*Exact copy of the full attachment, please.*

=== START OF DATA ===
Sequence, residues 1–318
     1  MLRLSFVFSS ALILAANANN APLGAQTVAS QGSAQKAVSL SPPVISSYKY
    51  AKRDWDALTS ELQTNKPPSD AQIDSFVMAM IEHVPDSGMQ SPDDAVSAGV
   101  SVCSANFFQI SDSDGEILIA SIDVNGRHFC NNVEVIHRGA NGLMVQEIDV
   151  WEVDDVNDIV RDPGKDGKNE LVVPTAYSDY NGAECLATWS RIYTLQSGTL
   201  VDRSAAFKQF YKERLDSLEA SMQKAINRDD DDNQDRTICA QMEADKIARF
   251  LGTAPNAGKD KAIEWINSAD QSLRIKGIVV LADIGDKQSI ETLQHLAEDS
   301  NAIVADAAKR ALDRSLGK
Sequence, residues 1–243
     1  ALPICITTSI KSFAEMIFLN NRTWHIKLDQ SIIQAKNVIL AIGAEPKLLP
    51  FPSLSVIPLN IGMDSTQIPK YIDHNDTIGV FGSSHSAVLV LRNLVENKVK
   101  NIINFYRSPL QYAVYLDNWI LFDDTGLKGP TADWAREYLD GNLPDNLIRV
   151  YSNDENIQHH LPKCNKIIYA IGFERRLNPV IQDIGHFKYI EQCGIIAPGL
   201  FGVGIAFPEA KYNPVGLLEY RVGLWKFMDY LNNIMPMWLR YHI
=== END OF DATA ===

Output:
Sequence, residues 1–318
     1  MLRLSFVFSS ALILAANANN APLGAQTVAS QGSAQKAVSL SPPVISSYKY
    51  AKRDWDALTS ELQTNKPPSD AQIDSFVMAM IEHVPDSGMQ SPDDAVSAGV
   101  SVCSANFFQI SDSDGEILIA SIDVNGRHFC NNVEVIHRGA NGLMVQEIDV
   151  WEVDDVNDIV RDPGKDGKNE LVVPTAYSDY NGAECLATWS RIYTLQSGTL
   201  VDRSAAFKQF YKERLDSLEA SMQKAINRDD DDNQDRTICA QMEADKIARF
   251  LGTAPNAGKD KAIEWINSAD QSLRIKGIVV LADIGDKQSI ETLQHLAEDS
   301  NAIVADAAKR ALDRSLGK
Sequence, residues 1–243
     1  ALPICITTSI KSFAEMIFLN NRTWHIKLDQ SIIQAKNVIL AIGAEPKLLP
    51  FPSLSVIPLN IGMDSTQIPK YIDHNDTIGV FGSSHSAVLV LRNLVENKVK
   101  NIINFYRSPL QYAVYLDNWI LFDDTGLKGP TADWAREYLD GNLPDNLIRV
   151  YSNDENIQHH LPKCNKIIYA IGFERRLNPV IQDIGHFKYI EQCGIIAPGL
   201  FGVGIAFPEA KYNPVGLLEY RVGLWKFMDY LNNIMPMWLR YHI